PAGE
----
Alzheimer's and fraud: When a fraudster strikes
For those who discovered elder financial abuse and exploitation after the relative's death, it can be hard to find a lawyer when you're financially strapped. This is where the bar association comes in handy, they can put you in touch with the right lawyer who can help you. I have lots to say on how to protect yourself financially and prevent what's happening to others what happened to you. You don't have to stand helplessly by thinking there's nothing you can do as long as you make an effort to deal with it as soon as absolutely possible. It's not fair to our elders or their families for fraudsters to come in and clean out bank accounts and assets behind the family's backs. This is just what happened in my particular situation where my dad having Alzheimer's was defrauded big time. Sadly this happens all too often, more than people may realize but there's so much you can do to stop it. Though guardianship is a very good tool, all too often guardianship is often misused and abused. This is called abusive guardianship when predatory abusive guardians target the wealthy and gain guardianship and grab all of their money andassets through the legal system, this is more common than you may realize. Anyone with money can file for guardianship but not everyone is cut out for it. Wards are abused when guardians become overwhelmed. Guardians can also take advantage of those in their care but also so can a POA. Such was the case with my dad who developed Alzheimer's and should've had a guardian but didn't. Regardless of the reasons why you may not be able to be in the life of your aging relative, they become sitting duck for vultures when they lack trustworthy people to handle their affairs when they no longer can. My dad never really planned for the future and it's often poor planning that contributes to leaving our elders sitting duck for vultures. If you carry cash/checkbook and leave your wallet laying around, it'll be too tempting for someone to find it and take it advantage of you. Believe it or not, this actually happens every single day right under peoples' noses and it's never reported because people often don't recognize the signs in order to spot and confront it. It's never a good idea to carry cash or even a checkbook, these items can be found and stolen or misused by someone crooked enough to want to take advantage of the fact they found your wallet full of cash or even your checkbook laying on the table. I went digital years ago and never looked back. What's best about going digital is your bank has records of all of your transactions. When dealing with someone with Alzheimer's though, catching a thief will depend on whether or not someone who recognizes elder financial abuse is around to spot it. In the case of my dad who always carried cash, he was a sitting duck for some fraudster to come along and take advantage of him unless he would've later on taking advantage of leaving all of his money in the bank. This is how banks can spot fraud, and this is how they get to know their customers and their banking patterns. One big red flag is when someone appears in your life and takes over your financial matters and at some point the bills aren't getting paid when you would've otherwise paid them when you were able. Banks are trained to spot and deal with warning signs of potential fraud against elders. Sometimes it may be too late when someone may have sent off a check to a fraudster and it was already cashed by the fraudster. Other times fraud can be caught if caught in time, checks can be traced and stopped. If someone wanting POA takes an elder who happens to have mental decline to the bank, remember the elder may not be able to make an informed decision. If the person is already confused, you really don't want to confuse them even more.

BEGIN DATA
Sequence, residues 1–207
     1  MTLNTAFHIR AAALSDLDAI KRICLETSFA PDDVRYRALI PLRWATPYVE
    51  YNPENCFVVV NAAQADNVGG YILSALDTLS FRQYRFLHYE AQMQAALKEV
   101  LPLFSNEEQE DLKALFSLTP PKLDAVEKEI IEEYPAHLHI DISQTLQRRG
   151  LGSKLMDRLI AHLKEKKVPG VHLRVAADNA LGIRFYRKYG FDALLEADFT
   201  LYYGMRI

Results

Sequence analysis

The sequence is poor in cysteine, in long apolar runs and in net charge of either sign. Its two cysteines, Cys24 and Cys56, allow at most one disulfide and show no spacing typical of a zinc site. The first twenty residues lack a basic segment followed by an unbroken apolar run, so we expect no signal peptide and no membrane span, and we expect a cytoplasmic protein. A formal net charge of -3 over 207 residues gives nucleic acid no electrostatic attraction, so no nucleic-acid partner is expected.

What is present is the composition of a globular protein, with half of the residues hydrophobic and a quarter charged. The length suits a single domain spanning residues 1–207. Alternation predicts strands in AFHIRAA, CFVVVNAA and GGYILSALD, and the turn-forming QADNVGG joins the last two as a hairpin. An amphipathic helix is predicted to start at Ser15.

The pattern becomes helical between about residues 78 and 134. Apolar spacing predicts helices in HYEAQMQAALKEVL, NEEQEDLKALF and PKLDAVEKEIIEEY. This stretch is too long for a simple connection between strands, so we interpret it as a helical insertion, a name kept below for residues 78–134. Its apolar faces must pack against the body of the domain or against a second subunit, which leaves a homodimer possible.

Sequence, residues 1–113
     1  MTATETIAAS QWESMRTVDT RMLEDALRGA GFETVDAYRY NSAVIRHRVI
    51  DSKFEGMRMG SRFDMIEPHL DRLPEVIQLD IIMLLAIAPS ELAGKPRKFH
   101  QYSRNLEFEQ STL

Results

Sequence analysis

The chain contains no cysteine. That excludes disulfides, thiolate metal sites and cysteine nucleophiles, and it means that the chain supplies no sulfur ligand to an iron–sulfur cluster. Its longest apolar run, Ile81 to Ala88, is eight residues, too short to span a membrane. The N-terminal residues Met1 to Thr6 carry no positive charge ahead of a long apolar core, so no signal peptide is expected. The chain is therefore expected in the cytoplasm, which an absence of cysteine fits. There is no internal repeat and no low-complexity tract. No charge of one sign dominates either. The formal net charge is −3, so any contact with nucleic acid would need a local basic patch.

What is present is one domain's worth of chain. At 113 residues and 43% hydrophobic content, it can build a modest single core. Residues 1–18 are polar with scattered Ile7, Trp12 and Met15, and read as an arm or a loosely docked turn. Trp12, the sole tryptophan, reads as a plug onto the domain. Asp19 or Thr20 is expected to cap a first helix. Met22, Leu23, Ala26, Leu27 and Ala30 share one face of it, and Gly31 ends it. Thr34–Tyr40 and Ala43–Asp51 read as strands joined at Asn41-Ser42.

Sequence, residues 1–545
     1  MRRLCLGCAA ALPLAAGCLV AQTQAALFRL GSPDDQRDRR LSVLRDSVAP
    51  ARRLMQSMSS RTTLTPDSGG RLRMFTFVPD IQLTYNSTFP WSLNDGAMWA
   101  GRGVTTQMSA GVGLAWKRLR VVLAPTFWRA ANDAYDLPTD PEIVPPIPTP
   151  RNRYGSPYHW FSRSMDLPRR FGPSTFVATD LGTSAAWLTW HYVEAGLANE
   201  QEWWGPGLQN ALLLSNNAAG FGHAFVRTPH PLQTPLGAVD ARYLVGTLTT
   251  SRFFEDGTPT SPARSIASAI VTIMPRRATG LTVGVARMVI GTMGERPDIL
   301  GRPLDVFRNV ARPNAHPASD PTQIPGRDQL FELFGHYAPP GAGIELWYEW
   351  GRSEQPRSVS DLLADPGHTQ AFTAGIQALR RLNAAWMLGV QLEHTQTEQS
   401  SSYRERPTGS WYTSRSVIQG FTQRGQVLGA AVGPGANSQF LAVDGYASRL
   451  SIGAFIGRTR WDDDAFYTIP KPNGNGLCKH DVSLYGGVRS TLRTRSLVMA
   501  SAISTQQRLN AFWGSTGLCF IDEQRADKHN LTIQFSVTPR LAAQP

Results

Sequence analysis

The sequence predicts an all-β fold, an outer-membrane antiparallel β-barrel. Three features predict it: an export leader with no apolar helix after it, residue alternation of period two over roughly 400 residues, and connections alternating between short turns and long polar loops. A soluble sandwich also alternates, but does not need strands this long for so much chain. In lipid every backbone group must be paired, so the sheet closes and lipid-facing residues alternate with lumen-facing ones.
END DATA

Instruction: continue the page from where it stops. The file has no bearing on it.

It's up to you to prevent fraud
Going digital is very beneficial because it makes it that much harder for anyone to get anything from you should you become incapacitated in any way whatsoever. Keeping all of your money in the bank is far safer than carrying it in your wallet, especially if you were to lose your wallet or if it is stolen. Another perk is if someone finds your wallet who has no business with it, it'll be much harder for them to get anything from you if there's nothing in it. Carrying debit cards with very little money on them is actually beneficial if you only carry what you absolutely need and nothing more. It's a good idea to get into the practice of planning ahead as we've all heard so much about because it's your future. Finding a good strategy early on is much better than trying to find one when it's too late. Call it early preparation, it's always good to be prepared ahead of time by protecting yourself early on. When you find a good strategy, stick to it so that it becomes automatic because it will become a habit that becomes part of you. That way, if you ever develop dementia or Alzheimer's, you already have developed a specific pattern